Introverts have been the subject of many misconceptions over time. One such misconception is that introverts are socially awkward or shy, and this assumption has led to a lot of people thinking they’re not very smart.
Likewise, an entirely different viewpoint is becoming increasingly popular — that introverts often have high IQ and are more intelligent than their outgoing counterparts!
So, are introverts smarter than extroverts?
Do introverts have a higher IQ?
In this article, we will take a deep dive into what science has to say about all of this and offer some of our own thoughts on the topic.
Introverts vs. Extroverts – What Difference Does It Make?
Before we look into whether introverts are more intelligent or not, we first need to understand what an introvert is.
An introvert is someone who prefers spending time alone or with a few close friends rather than large groups of people.
Introversion and extroversion are generally viewed as having different characteristics. Still, there is much debate over how right or wrong this is.
In 1921, psychologist Carl Jung proposed a theory that humans have both an extroverted side and an introverted side. He believed that each person’s personality falls somewhere on a spectrum between the two.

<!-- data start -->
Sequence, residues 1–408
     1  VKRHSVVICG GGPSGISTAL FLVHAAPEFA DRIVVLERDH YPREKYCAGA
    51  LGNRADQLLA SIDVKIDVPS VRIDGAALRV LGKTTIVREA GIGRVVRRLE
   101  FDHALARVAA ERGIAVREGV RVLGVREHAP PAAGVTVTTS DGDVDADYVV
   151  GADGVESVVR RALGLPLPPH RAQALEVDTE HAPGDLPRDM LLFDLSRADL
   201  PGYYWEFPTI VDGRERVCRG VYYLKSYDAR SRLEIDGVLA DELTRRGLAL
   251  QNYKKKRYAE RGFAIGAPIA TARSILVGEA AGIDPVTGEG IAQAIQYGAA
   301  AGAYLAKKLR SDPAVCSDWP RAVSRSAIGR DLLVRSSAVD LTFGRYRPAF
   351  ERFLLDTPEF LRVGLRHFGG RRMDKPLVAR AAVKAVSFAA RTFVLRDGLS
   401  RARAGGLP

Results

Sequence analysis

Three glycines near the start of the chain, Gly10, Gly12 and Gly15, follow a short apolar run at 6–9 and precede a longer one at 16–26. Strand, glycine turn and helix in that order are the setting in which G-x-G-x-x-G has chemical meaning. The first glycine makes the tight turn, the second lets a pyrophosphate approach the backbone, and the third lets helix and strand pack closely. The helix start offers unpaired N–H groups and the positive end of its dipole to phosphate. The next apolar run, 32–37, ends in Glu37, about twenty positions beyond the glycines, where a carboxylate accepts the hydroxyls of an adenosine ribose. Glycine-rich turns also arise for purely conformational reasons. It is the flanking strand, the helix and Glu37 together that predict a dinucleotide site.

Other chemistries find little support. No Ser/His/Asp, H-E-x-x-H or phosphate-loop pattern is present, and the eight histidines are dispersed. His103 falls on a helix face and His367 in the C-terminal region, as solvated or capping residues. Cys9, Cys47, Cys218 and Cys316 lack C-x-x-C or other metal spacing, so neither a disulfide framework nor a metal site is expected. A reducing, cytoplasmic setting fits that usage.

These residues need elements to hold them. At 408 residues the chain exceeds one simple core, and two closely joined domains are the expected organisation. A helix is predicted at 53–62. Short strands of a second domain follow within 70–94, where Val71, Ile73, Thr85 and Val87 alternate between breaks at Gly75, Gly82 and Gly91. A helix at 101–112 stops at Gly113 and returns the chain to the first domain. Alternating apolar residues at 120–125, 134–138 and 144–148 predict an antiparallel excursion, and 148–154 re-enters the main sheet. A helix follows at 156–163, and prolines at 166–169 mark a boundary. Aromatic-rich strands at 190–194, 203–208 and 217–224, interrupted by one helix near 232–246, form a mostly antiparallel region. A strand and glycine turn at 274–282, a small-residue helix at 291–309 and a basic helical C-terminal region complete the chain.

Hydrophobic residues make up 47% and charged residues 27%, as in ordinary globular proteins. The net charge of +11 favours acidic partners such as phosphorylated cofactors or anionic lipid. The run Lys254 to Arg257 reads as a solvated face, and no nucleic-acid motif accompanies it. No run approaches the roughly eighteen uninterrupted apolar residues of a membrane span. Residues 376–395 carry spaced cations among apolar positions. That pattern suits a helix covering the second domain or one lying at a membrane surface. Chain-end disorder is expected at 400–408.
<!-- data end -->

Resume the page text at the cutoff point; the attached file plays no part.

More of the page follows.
While many people can identify strongly with one end of the spectrum or the other, some people fall in the middle, demonstrating characteristics of both.
There are a few theories of why introversion and extroversion occur, but for the purposes of this article, we will look at the most popular few:
The Link Between Dopamine Levels & Extraversion
One theory suggests that our genetics cause us to behave in one way or another.
For example, people who have more dopamine (which research has linked with extroverted behavior) in their brains tend to lean more towards the extroverted side of things.
On the other hand, people who have lower levels of dopamine are more inclined to be introverted.
Brain Development – There May Be More To It
Another theory suggests that the development of our brains is what leads us to behave introvertedly or extrovertedly.
Apparently, the parts of our brain responsible for planning, problem-solving, and other important cognitive behavior are more active in introverts. This causes them to be more inclined towards spending time alone.
These brain parts are less active in extroverts, making them more likely to seek out social interactions.